Epidendrum Radicans Or Reed Orchid Care & Characteristics

Epidendum radicans or “reed orchids” can be garden-grown in warmer regions, and are easy to grow indoors or out.

Bright orange reed orchid flower
(Image credit: Kevin Schafer / Getty Images)

Quick Reed OrchidFacts:

  • Botanical name - Epidendrum ibaguense, Epidendrum radicans
  • Height - 3 ft. (1 m.)
  • Spread - 18 in. (45 cm.)
  • Sun exposure - Bright, Indirect Light; Part Sun
  • Soil requirements - Orchid Mix, Well-Drained Acidic Soil
  • Hardiness zones - USDA Zones 8-11
  • When to plant - Spring

Reed Orchid Uses

Also known as crucifix orchids, reed stem orchids are among the easiest orchids to grow. Though several species are commonly referred to as “reed orchids,” most have very similar growth habits and needs.

While gardeners successfully grow these tender plants indoors, those living in frost-free garden zones may even be able to grow the species outside, in containers or flower beds. When in bloom, reed orchids produce a profusion of vibrant red-orange flowers atop tall stems. Because the plants flower quite readily, they’re a good choice for novice orchid enthusiasts, as well as anyone hoping to add a bright burst of color to the home landscape. Learn more here about the specific needs of reed orchids.

Reed Orchid Care

Many orchids need special containers, but terrestrial reed orchids can be grown directly in the garden in their hardiness regions. In the garden, these plants require beds rich in nutrients and soil that drains well. Reed orchids appreciate warm, humid climates. Container grown orchids do best in a potting mix specifically formulated for their growth, usually consisting of bark and perlite.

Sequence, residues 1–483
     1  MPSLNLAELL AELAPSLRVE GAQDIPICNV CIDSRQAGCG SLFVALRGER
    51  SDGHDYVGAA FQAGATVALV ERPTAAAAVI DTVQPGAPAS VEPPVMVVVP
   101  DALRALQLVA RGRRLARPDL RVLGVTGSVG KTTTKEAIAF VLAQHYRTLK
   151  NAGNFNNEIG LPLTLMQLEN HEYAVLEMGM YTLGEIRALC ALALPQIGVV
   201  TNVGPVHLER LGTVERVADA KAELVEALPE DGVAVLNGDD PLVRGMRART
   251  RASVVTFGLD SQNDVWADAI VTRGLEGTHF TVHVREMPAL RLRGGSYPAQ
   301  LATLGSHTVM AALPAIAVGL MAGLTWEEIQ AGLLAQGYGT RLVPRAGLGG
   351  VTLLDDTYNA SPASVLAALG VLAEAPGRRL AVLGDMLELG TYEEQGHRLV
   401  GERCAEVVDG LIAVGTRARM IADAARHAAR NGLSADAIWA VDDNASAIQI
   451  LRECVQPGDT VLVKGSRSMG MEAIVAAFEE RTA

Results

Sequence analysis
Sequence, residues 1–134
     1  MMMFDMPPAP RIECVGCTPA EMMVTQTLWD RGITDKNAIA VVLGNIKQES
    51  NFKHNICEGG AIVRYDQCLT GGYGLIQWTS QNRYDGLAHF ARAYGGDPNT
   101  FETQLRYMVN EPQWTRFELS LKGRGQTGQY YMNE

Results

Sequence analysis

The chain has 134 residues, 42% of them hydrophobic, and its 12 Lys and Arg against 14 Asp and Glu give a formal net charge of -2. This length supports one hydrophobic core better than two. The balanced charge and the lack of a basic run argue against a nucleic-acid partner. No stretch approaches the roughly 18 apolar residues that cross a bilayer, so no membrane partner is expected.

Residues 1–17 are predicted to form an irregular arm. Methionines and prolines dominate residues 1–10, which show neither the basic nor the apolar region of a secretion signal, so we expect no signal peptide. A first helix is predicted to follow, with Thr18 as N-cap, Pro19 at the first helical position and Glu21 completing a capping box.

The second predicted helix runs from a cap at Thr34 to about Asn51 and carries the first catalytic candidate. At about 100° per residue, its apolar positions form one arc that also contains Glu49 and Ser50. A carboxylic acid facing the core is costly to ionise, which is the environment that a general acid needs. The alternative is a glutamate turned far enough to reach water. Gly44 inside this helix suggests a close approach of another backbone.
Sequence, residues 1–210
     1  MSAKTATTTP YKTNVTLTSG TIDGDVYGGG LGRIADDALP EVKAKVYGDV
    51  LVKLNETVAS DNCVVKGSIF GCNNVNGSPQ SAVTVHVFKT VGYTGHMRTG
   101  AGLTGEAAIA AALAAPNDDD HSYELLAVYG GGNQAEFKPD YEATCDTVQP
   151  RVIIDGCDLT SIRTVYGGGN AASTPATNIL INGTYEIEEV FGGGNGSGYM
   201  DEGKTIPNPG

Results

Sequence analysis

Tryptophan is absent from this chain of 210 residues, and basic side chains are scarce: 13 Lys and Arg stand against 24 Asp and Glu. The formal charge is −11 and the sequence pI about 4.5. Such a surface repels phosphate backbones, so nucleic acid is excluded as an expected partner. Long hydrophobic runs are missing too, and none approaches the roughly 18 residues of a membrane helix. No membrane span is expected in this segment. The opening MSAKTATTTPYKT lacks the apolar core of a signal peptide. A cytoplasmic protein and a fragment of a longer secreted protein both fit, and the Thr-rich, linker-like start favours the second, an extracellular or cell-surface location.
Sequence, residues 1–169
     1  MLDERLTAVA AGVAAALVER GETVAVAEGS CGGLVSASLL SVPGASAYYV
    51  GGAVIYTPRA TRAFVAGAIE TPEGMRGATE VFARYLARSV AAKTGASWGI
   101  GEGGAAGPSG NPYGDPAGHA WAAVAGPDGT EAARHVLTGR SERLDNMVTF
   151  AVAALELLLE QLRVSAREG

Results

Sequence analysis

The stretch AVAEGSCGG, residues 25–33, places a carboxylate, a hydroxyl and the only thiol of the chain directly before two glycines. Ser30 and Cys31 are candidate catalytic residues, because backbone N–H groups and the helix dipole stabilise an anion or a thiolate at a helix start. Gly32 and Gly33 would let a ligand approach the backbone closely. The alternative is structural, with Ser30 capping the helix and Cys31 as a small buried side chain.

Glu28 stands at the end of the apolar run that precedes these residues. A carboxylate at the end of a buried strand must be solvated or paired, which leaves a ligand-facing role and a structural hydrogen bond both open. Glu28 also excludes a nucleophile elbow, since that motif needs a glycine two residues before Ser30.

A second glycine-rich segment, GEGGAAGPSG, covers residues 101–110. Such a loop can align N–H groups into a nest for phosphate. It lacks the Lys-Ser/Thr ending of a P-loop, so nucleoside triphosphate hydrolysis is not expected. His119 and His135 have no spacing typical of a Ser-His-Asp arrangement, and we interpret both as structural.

Light is also important to promote blooms. Orchids should receive bright, indirect light. Those grown outdoors will benefit most from early morning sun, or extended periods of dappled light throughout the day. While too much sun may cause the plants’ leaves to yellow or become sunscorched, inadequate light can prevent flower buds from initiating. Reed orchids also benefit from routine applications of a well-balanced, slow-release fertilizer throughout the growing season.

Water Needs

During active periods of growth, consistent soil moisture provides the plant with ideal conditions needed for the production of flowers. In areas where there are prolonged periods of drought, supplemental watering becomes necessary. But, be careful not to allow the soil to dry completely and, just as importantly, take care not to overwater the plants. Becoming waterlogged can be detrimental to the overall health of the plants. As the weather begins to change in autumn, it’s best to reduce the frequency of watering in preparation for the cooler months.

Problems, Pests, & Diseases

Root rot, as the direct result of overwatering, is often a concern when growing reed orchids. Most instances of rot can be avoided by paying special attention to soil moisture levels. Small insects, like aphids, may also become problematic. Stay vigilant throughout the growing season, taking careful note of early signs of infestation. In most instances, orchid pests and disease do not pose a serious threat to reed orchid plants.


Propagation of reed orchids is relatively simple. New plants can be created by rooting stem cuttings and through division. To propagate new cuttings, each one should be placed into a moist potting medium. Throughout the rooting process, be sure to maintain adequate levels of light and humidity.

Reed orchids spread quickly through underground rhizomes. Each plant can be easily cut apart and potted into its own container. Pups produced on stems can also be rooted and placed into containers in this manner.

Tonya Barnett

Tonya Barnett has been gardening for 13 years. Flowers are her passion. She has trasformed her backyard into a cut flower garden, which she regularly chronicles on her YouTube channel http://www.youtube.com/@tonyawiththeflowers.